Medical ethics is an applied branch of ethics which analyzes the practice of clinical medicine and related scientific research.[18] Medical ethics is based on a set of values that professionals can refer to in the case of any confusion or conflict. These values include the respect for autonomy, non-maleficence, beneficence, and justice.[19] Such tenets may allow doctors, care providers, and families to create a treatment plan and work towards the same common goal.[20] These four values are not ranked in order of importance or relevance and they all encompass values pertaining to medical ethics.[21] However, a conflict may arise leading to the need for hierarchy in an ethical system, such that some moral elements overrule others with the purpose of applying the best moral judgement to a difficult medical situation.[22] Medical ethics is particularly relevant in decisions regarding involuntary treatment and involuntary commitment.

There are several codes of conduct. The Hippocratic Oath discusses basic principles for medical professionals.[22] This document dates back to the fifth century BCE.[23] Both The Declaration of Helsinki (1964) and The Nuremberg Code (1947) are two well-known and well respected documents contributing to medical ethics. Other important markings in the history of medical ethics include Roe v. Wade[why?] in 1973 and the development of hemodialysis in the 1960s. With hemodialysis now available, but a limited number of dialysis machines to treat patients, an ethical question arose on which patients to treat and which ones not to treat, and which factors to use in making such a decision.[24] More recently, new techniques for gene editing aiming at treating, preventing and curing diseases utilizing gene editing, are raising important moral questions about their applications in medicine and treatments as well as societal impacts on future generations,[25][26] yet remain controversial due to their association with eugenics.[27]

As this field continues to develop and change throughout history, the focus remains on fair, balanced, and moral thinking across all cultural and religious backgrounds around the world.[28][29] The field of medical ethics encompasses both practical application in clinical settings and scholarly work in philosophy, history, and sociology.

Medical ethics encompasses beneficence, autonomy, and justice as they relate to conflicts such as euthanasia, patient confidentiality, informed consent, and conflicts of interest in healthcare.[30][31][32] In addition, medical ethics and culture are interconnected as different cultures implement ethical values differently, sometimes placing more emphasis on family values and downplaying the importance of autonomy. This leads to an increasing need for culturally sensitive physicians and ethical committees in hospitals and other healthcare settings.[28][29][33]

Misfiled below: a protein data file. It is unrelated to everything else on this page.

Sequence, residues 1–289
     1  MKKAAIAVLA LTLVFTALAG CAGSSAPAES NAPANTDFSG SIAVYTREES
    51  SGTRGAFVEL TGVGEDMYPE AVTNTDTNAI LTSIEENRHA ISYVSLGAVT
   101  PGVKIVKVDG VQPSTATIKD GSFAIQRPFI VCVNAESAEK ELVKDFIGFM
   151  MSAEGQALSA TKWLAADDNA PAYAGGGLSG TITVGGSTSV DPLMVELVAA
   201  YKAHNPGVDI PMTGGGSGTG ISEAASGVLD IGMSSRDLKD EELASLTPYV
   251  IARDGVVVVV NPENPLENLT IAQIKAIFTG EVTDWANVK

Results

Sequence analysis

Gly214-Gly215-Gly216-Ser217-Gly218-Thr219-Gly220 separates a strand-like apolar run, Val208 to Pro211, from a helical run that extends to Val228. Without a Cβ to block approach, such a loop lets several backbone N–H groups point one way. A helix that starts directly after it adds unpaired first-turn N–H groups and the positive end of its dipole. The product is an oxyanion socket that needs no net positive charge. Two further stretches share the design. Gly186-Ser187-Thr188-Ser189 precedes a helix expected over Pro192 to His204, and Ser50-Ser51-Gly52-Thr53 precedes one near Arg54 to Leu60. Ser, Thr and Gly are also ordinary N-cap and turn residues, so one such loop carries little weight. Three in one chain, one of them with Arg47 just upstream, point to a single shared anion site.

Bioethics is both a field of study and professional practice, interested in ethical issues related to health (primarily focused on the human, but also increasingly includes animal ethics), including those emerging from advances in biology, medicine, and technologies. It proposes the discussion about moral discernment in society (what decisions are "good" or "bad" and why) and it is often related to medical policy and practice, but also to broader questions as environment, well-being and public health. Bioethics is concerned with the ethical questions that arise in the relationships among life sciences, biotechnology, medicine, politics, law, theology and philosophy. It includes the study of values relating to primary care, other branches of medicine ("the ethics of the ordinary"), ethical education in science, animal, and environmental ethics, and public health.

Clinical research ethics[edit]

Study participant rights[edit]

Participants of a clinical trial in clinical research have rights which they expect to be honored, including:[34]

Vulnerable populations[edit]

Study participants are entitled to some degree of autonomy in deciding their participation. One measure for safeguarding this right is the use of informed consent for clinical researches.[35] Researchers refer to populations with limited autonomy as "vulnerable populations"; these are subjects who may not be able to fairly decide for themselves whether to participate. Examples of vulnerable populations include incarcerated persons, children, prisoners, soldiers, people under detention, migrants, persons exhibiting insanity or any other condition which precludes their autonomy, and to a lesser extent, any population for which there is reason to believe that the research study could seem particularly or unfairly persuasive or misleading. Ethical problems particularly encumber using children in clinical trials.


Consequences for the environment, for society and for future generations must be considered.


An ethics committee is a body responsible for ensuring that medical experimentation and human subject research are carried out in an ethical manner in accordance with national and international law.
  • In the United Kingdom, the National Research Ethics Service is the responsible quango that forms Research Ethic Committees.
  • In the United States, the Institutional review board is the relevant ethics committee.
  • In Canada, there are different committees for different agencies. The committees are the Research Ethics Board (REB)[36] as well as two others that split their committee duties between conduct (PRCR) and ethics committee (PRE).[37]
  • The European Union only sets the guidelines for its member's ethics committees.
  • Large international organizations like the WHO have their own ethics committees.

In Canada, mandatory research ethics training is required for students, professors and others who work in research.[38][39] The US first legislated institutional review boards procedures in the 1974 National Research Act.


Published in Social Sciences & Medicine (2009) several authors suggested that research ethics in a medical context is dominated by principlism.[40]

See also[edit]


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  10. ^ Laine 2018, p. 52.
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  17. ^ Part III. Department of Health and Human Services Archived 2021-10-22 at the Wayback Machine
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Further reading[edit]

External links[edit]